December 2014
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Reflections on what I learned in 2014


As the year is coming to an end I ask myself what did I learn this year? While I can name many things, I decided to limit myself to 10 things related to the use of technology in education (not limited to STEM). Here is a short list of my personal discoveries of 2014 (in random order):

1. PeerWise – I implemented PeerWise in my Physics Methods courses differently this year and it was a big success. The only difference I made from last time is to enforce the iterative process of question design and collaboration. This made a big difference in learning to design good question and in learning how to provide useful feedback and learn from it.

2. Duolingo – I have been learning German for the past 288 days. I used Duolingo and I think I made significant progress. Learning with Duolingo is very different from traditional learning and from my personal experience it suits me much more. I keep thinking how this kind of learning is different from a traditional language learning experience. I think it is a very wise use of technology. Interestingly, I found the community of language learners to be very helpful and supportive of everybody.

3. GeoGebra – I attended a very interesting conference in Toronto and learned more about this software. The main thing that I learned is the power of DYNAMIC geometry. This is definitely an opportunity that has not been available before.

4. Power of Online Learning Teaching Online – Stories from Within (learning to teach online): While writing a chapter for a new book on online learning, I had an opportunity to reflect on why I enjoyed teaching online so much. One of the biggest reasons for me was the community of people who choose to learn online. In my case, it was an Masters of Educational Technology Program at UBC and I taught mathematics and science educators about using technology in teaching these subjects. I have to admit that it was a mutual learning experience. I love teaching this online course as I feel I learn a lot, I get to meet passionate educators from all over the world and I learn to use technology in new and creative ways.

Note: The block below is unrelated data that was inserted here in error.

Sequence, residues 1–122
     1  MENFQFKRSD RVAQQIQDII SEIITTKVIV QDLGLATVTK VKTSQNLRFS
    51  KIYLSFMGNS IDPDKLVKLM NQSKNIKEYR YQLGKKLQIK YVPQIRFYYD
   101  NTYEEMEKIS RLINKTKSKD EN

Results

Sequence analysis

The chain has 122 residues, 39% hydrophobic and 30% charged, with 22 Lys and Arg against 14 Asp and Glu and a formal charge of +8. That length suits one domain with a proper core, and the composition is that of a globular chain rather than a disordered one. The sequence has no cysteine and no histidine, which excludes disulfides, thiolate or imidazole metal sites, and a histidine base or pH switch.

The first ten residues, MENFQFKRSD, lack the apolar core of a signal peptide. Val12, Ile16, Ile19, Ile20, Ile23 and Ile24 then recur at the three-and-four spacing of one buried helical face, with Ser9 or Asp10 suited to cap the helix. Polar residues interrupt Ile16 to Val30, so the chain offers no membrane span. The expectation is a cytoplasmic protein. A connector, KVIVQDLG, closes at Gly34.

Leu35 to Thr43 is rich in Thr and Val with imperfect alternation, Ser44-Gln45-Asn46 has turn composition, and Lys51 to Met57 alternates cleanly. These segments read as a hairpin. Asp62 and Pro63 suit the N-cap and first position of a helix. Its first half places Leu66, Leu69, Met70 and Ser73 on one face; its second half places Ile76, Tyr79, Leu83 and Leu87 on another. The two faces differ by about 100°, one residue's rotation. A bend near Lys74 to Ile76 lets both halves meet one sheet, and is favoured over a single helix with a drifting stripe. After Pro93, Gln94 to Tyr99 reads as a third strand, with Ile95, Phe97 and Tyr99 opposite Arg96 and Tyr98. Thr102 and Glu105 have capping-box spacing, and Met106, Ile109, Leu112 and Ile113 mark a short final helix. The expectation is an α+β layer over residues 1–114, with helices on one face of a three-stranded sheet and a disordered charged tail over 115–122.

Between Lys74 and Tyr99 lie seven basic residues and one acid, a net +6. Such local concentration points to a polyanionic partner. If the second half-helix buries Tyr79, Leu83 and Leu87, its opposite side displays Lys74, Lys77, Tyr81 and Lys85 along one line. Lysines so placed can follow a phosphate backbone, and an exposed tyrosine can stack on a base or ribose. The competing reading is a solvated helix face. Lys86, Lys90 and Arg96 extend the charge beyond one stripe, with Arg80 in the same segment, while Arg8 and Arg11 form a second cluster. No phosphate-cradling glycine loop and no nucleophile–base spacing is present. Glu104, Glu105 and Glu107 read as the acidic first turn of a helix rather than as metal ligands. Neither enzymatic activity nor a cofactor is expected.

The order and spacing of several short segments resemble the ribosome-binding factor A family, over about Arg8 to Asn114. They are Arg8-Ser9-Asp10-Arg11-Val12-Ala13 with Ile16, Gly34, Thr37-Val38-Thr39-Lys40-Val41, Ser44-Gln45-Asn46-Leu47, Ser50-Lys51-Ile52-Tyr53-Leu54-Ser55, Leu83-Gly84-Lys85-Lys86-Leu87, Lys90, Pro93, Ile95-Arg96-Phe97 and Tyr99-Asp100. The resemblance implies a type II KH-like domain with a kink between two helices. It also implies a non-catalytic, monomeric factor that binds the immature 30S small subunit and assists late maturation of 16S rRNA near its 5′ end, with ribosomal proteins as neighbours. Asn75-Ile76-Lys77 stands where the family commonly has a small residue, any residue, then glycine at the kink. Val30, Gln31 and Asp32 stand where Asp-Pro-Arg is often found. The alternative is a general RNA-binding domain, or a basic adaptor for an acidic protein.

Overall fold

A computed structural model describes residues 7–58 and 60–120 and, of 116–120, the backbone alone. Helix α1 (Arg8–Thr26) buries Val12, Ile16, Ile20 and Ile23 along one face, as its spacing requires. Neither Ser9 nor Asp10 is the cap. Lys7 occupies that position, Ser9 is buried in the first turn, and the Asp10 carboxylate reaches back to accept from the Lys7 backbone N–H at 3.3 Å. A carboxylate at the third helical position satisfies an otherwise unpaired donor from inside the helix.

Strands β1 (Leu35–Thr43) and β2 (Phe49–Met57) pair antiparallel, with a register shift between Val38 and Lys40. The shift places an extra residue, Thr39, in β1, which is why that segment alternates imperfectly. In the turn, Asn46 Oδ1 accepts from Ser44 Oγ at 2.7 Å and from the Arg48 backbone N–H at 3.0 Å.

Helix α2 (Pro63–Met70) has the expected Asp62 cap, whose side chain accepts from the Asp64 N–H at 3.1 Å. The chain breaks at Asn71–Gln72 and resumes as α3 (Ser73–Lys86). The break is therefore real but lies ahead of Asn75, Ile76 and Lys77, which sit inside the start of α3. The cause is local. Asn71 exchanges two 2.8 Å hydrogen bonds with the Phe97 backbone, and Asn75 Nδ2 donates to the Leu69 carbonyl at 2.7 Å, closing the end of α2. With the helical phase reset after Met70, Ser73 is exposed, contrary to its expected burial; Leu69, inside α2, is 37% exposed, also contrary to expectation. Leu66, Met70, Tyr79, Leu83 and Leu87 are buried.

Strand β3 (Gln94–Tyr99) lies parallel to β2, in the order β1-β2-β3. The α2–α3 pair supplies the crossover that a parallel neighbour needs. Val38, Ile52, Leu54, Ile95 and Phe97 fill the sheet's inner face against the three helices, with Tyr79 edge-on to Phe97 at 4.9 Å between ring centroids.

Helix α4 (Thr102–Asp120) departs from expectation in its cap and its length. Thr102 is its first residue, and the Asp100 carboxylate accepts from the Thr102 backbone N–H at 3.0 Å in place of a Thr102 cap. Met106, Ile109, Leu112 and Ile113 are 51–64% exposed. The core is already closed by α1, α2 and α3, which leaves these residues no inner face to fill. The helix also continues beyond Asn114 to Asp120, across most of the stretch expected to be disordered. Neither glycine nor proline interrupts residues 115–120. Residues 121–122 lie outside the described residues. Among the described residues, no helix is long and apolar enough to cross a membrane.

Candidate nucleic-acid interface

5. Challenges and Possibilities of Flipped Classroom teaching approach. I also came to realize that while technology offers a lot of possibilities, it also brings with it a lot of responsibilities – the students are often overwhelmed by the amount of information available and as it becomes easier and easier to upload things online it does not mean we should. I realize that Flipped Classroom might be a great idea but I also understand that it brings a lot of challenges with it. We have to remember that because something is available to the students, it does not mean they will learn it.

6. My SMART Board experience: One of my goals this year was to learn more about the use of SMART boards in mathematics and science education. While we have lots of SMART boards in our Faculty they are very much underused. I am still asking myself a SMART board is a pedagogically sound investment. At least when the professional development component is missing, it seems to me that is is not.  I feel more comfortable using it now thanks to my graduate student who has been exploring its use. However, will I choose it as a tool for my own classroom as opposed to a tablet computer? I am not sure yet. I wonder how many technological tools have been brought to the classrooms without providing adequate professional development for teachers?

7-10: To be continued…

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